A talk with Mr. Judge, one of the leaders of the New Religious Movement.
Mr. William Q. Judge of New York, one of the leaders of the Theosophical movement, which is now attracting so much attention in America and various quarters of the globe, was in Baltimore yesterday. Mr. Judge is a member of the New York Bar, and is the general secretary of the Theosophical Society in the United States and President of the New York branch. He lectured before the Washington branch of the Society Sunday night, and stopped here with some friends of the Baltimore branch on his way to New York. Mr. Judge is one of the original founders of the Society in this country, and has traveled a great deal in India, where the movement has obtained a considerable foothold. He talks entertainingly and intelligently of the movement and its objects.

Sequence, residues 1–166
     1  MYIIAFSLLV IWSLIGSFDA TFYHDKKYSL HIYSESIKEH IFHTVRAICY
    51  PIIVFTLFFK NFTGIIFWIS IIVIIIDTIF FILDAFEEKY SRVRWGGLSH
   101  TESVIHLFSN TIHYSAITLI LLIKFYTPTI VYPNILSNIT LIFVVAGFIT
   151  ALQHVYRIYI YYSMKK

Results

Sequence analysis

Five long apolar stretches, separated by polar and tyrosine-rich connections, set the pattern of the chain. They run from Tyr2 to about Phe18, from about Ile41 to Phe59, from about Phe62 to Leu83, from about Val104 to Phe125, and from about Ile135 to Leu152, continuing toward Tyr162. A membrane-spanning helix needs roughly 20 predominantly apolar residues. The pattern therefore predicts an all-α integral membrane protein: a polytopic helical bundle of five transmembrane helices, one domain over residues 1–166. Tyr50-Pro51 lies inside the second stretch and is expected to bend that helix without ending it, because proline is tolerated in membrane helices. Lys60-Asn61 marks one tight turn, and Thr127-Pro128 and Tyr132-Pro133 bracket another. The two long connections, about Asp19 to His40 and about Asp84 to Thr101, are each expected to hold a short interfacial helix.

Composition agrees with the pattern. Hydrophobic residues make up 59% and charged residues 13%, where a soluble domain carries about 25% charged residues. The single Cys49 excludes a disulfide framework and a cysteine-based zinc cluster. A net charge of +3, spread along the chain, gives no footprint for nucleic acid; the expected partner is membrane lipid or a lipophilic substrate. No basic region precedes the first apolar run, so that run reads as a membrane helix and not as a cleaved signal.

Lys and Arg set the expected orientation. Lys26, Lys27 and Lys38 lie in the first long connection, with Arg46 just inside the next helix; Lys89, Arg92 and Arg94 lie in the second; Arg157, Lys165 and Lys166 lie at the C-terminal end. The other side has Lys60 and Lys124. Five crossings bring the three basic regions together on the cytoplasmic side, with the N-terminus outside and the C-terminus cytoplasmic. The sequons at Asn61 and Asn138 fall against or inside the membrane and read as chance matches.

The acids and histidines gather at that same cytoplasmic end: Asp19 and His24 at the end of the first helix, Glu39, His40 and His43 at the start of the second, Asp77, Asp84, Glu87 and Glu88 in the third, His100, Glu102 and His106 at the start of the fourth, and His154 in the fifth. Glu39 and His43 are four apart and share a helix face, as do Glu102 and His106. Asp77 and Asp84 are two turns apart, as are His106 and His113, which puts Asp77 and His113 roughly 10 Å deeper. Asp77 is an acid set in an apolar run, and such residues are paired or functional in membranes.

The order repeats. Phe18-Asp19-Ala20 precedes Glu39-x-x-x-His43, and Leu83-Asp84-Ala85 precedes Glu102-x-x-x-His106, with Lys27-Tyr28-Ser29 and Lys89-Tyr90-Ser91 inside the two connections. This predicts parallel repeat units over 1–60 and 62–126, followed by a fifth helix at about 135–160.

“Theosophy,” he said, “is eternal truth, but the Theosophical Society is a movement which aims to carry out the original intention which was in the best minds of the men who drew up the Declaration of American Independence. That was an effort for our freedom—an example and incentive for the world—to have its effect in subsequent ages. The Theosophical Society is an attempt begun in America to shake off the shackles from the mind and heart; to make men free in soul as the American Constitution makes them free in body. Until this double freedom is obtained, the Constitution and the blood and labors of the friends of Washington will have been shed and prosecuted in vain.